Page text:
“I know this area real well," said Meyer, who once coached at nearby Bowling Green State University. "As for Ohio State ... we have some very good players from this area.
“If we have not, we will."
Not ribs. Via Blake Countess, poor Pee Wee and his grim salad of raw-looking broccoli and stuff:
It will all be worth it when you're ragdolling Alabama OL in fall. (Please.)
KYLE MEINKE IS GRIM. The AnnArbor.com reporter got screencapped by the youtubes looking like he's about to heroically tackle a terrorist or Mark Dantonio:
Cue the crack Free Press investigatory teams. Michigan has again claimed that unspecified academic performance is good and stuff:
Michigan athletic director Dave Brandon said last week the Wolverines registered the best "academic performance" in their history under first-year coach Brady Hoke last year. He didn't cite specific numbers.
The last time this happened the Free Press hammered at Michigan with FOIA requests until they scuttled the claim. Here's guessing that doesn't happen this time around.
UMass reinforced. You probably already know that Mike Cox transferred home to UMass for his final year. They've also added former touted ND recruits Deion Walker and Hafis Williams, a wideout and a DT. They still shouldn't be a problem now that Michigan has one of those defensive coordinator things.
Longsnapper rabble rabble 'Bama what? If you're still slightly peeved that Michigan expended a precious scholarship slot on a longsnapper this might make you feel better:
According to BamaOnline, Saban did something at last week's special teams camp in Tuscaloosa that he's never done in his 17-year career -- offered a scholarship to a long snapper.
"I snapped really good during the camp and Coach Saban told me in his office that they were going to offer a long snapper within the next two days after a staff meeting," Mazza told BamaOnline. "The next day I called him and he told me he was going to offer me."
I'm confused about how these guys are suddenly valuable enough to warrant scholarship slots, but apparently they are.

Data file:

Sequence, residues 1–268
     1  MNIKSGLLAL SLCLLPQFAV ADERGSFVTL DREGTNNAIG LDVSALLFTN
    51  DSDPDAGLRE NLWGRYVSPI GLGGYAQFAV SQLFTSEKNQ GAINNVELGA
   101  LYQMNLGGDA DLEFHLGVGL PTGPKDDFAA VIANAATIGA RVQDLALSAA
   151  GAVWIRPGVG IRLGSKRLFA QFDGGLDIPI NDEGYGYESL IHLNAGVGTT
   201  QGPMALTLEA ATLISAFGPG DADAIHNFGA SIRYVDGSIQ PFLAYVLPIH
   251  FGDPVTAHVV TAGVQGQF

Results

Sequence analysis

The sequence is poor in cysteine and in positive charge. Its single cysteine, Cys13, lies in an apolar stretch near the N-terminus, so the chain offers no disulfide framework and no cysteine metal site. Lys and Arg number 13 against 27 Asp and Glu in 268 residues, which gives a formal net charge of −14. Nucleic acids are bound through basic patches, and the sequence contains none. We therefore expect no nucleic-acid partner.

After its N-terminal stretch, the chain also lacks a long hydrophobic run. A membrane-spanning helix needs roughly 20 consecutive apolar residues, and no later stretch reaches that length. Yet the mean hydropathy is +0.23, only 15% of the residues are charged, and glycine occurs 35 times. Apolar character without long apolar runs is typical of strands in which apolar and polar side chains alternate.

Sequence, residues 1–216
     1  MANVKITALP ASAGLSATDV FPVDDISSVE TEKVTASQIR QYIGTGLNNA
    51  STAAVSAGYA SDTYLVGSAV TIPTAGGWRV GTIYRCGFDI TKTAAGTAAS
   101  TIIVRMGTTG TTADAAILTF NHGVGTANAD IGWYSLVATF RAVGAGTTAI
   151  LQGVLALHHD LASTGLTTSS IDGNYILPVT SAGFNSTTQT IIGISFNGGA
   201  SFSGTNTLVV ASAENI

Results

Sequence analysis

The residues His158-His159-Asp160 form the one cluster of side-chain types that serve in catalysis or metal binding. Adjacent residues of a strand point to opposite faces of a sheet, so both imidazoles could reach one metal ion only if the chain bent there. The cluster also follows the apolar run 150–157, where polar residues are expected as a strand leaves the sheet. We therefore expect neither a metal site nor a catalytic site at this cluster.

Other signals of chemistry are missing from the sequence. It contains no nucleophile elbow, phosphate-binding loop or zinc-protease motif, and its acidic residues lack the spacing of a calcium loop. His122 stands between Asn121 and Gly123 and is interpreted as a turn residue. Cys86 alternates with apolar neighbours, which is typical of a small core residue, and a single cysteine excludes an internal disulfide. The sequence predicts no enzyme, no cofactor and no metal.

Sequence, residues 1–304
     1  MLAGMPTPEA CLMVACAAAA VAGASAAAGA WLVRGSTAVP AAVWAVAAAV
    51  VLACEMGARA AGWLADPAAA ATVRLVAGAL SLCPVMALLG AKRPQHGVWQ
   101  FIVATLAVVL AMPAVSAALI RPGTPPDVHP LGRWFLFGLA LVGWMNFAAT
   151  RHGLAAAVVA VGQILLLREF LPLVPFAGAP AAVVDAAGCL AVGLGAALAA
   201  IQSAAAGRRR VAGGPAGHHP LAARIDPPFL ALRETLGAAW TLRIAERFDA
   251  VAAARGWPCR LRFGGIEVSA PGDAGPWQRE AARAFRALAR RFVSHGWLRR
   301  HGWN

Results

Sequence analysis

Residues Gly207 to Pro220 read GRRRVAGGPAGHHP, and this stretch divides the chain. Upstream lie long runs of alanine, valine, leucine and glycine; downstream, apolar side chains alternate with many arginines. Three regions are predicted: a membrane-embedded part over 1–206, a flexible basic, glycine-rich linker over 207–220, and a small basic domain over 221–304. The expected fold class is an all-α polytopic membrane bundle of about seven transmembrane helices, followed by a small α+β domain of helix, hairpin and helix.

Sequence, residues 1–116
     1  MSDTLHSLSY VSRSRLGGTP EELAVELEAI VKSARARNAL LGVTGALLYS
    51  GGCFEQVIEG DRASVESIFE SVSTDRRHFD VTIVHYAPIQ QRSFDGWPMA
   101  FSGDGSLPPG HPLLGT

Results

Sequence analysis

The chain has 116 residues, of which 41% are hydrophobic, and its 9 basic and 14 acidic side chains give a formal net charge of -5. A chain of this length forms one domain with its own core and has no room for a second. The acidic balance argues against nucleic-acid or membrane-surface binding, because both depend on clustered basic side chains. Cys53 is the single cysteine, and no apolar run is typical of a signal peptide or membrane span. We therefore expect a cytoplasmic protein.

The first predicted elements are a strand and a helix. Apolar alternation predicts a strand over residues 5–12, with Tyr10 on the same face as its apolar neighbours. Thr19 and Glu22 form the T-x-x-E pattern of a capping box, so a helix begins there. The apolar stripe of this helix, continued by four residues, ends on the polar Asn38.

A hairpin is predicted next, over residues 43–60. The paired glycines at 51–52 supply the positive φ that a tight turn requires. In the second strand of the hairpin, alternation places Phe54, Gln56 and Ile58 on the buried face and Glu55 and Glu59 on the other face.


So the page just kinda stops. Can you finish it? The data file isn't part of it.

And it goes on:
[HT: Holdin' the Rope.]
How can you do the divide. This from Orson's introductory course on bad sports rhetoric is a truly amazing screenshot from the World Wide Leader in having no idea what that slash thing under the question mark is for:
Cram the data into your meme. The data doesn't fit? Yes it does.
NFL draft stuff. Michigan recruits feature in the United States Of Hockey's American top ten. Defenseman Jacob Trouba:
Michigan-commit Jacob Trouba is a bruising defenseman who showed what he can do with his big frame at the National Team Development Program. He also proved he can play above his head by his performance at the World Junior Championship. Some are considered Trouba relies on his physicality too much and that there might not be much offensive upside. However, for a physical defenseman, Trouba can skate well and has good agility. His hockey sense has vastly improved, even though he’s still prone to the bad decision now and again.
Sounds more like a Komisarek type than another Merrill-style puck mover.
Forward Boo Nieves:
…a 13-game stint in the USHL confirmed some of the concerns that Nieves struggles with the physical aspects of the game. The thing is, he has some filthy puck skills and a really nice 6-2, 185 frame. Nieves could have calmed concerns in a long USHL playoff run, but he had to return to Kent to finish his schooling so he could get into Michigan for next year. Still, those puck skills allude to some nice potential, but he’s still a likely mid- to late-second round choice.
Michigan's going to need scoring punch from him right away; hopefully he can deliver despite his issues in a short USHL stint.